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Flies don't lie; Dragonflies, caddisflies and other insects and wildlife are signs of healthy waterways.

Byline: Karen Nugent


Michael F. Veit recalls the day he was trying to enjoy nature while sitting by a pond in New Hampshire, but having a difficult time of it because of unending harassment from biting deer flies.

To his pleasant surprise, a dragonfly appeared and began picking off the nasty deer flies. What happened next led to the biology teacher's continuing enchantment with odonates, an order of insects that includes dragonflies and their relatives, damselflies.

The dragonfly munching on the deer flies was suddenly swallowed up by another dragonfly, a huge one, Mr. Veit said, that seemed to come out of nowhere.

"I told myself I have to learn more about this," he said.

Dragonflies, with their gemstone-colored bodies, fairylike wings and cute faces, have lots of enthusiasts. And with good reason. Besides their physical attributes, odonates feed on flies and mosquitoes - but they don't bite or sting. (That old story about them sewing up lips is untrue.)

Certain species can also serve as indicators of the environmental health of rivers and streams.

Mr. Veit, an entomologist who is the chairman of the science department at Lawrence Academy in Groton, acknowledged that their name is kind of scary. It's even worse in Ecuador, where the name translates to "rides on the back of the devil," he said.

Female dragonflies and damselflies deposit their eggs into rivers, streams, ponds, bogs and vernal pools. Larvae, sometimes called nymphs, subsequently emerge as squat, brown insects that develop in water before transforming, like butterflies, into the more beautiful adult specimen. They can spend from a few weeks to two or three years in the larval stage before shedding their skins.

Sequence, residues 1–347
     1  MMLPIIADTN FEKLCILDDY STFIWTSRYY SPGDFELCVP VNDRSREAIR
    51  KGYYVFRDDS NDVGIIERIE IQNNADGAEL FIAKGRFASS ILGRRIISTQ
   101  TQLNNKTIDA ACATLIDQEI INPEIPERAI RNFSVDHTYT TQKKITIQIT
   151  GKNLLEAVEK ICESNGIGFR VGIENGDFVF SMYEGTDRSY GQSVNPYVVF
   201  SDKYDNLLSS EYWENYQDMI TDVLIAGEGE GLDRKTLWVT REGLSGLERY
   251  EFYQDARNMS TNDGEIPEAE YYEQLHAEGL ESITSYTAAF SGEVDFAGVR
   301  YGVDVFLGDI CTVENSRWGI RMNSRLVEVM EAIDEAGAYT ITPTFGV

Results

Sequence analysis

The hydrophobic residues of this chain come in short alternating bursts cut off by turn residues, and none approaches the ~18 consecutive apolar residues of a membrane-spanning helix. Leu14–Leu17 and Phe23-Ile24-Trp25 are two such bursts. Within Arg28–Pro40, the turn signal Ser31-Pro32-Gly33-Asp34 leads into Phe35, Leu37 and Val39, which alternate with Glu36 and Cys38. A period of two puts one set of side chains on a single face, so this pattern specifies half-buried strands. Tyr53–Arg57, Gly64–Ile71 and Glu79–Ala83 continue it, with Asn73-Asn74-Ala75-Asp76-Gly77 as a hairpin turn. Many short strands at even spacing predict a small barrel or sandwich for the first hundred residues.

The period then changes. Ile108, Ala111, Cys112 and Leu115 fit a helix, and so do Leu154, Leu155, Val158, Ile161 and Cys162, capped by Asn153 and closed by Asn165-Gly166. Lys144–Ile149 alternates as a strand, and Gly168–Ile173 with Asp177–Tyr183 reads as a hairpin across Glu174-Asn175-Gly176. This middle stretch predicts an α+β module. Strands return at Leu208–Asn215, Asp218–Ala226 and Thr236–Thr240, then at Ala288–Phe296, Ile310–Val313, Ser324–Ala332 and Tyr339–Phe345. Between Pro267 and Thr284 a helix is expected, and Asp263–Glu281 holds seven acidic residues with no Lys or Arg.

David H. Small, president of the Athol-based Bird and Nature Club, has conducted several dragonfly studies, both in the Millers River valley and other watersheds around the state.

"These nymph skins are an excellent conservation tool," Mr. Small said. "Through them, you can find a lot out about water bodies they are in."

The numbers of dragonfly skins found can indicate how the water has affected that particular species.

"There is a lot of interest in water quality and this helps assess the health of the water bodies," Mr. Small said. "We are looking at them as an indicator species, a canary-in-the-coal-mine sort of thing."

There are hundreds of species of dragonflies and damselflies, he said, but certain rare ones - including the arrow clubtail, zebra clubtail and brook snaketail - indicate good quality water.

Mr. Small said all three types have been found in the Millers River watershed, which encompasses 17 towns near Athol in North Central Massachusetts and Southern New Hampshire.

Like the Nashua River, in Central Massachusetts, the Millers River has improved from a

polluted state caused by decades of industrialization. Cleanups began in the 1970s with passage of the federal Clean Water Act.

"The dragonflies, along with trout and other insects and wildlife that use the river, are indicators that it's come back, and it's not compromised," Mr. Small said.

In fact, looking for dragonflies and damselflies is so popular in the Millers River watershed that a "NymphFest" is held at the Millers River Environmental Center in Athol each year. The event attracts researchers, scientists and enthusiasts from all over the country.

There are other wildlife indicators of good river health, according to Mary H. Marro, an environmental educator at the Nashua River Watershed Association in Groton.

The glamorous dragonfly, she said, takes second place to a few not-so-pretty fly larvae, namely, caddisflies, mayflies and stoneflies.

"Those are the real indicators of clear, clean water," Ms. Marro said. Dragonflies and damselflies, she said, are found in moderately clean water. Mr. Veit said that while some dragonfly species prefer clean, unpolluted water, others tolerate poor conditions.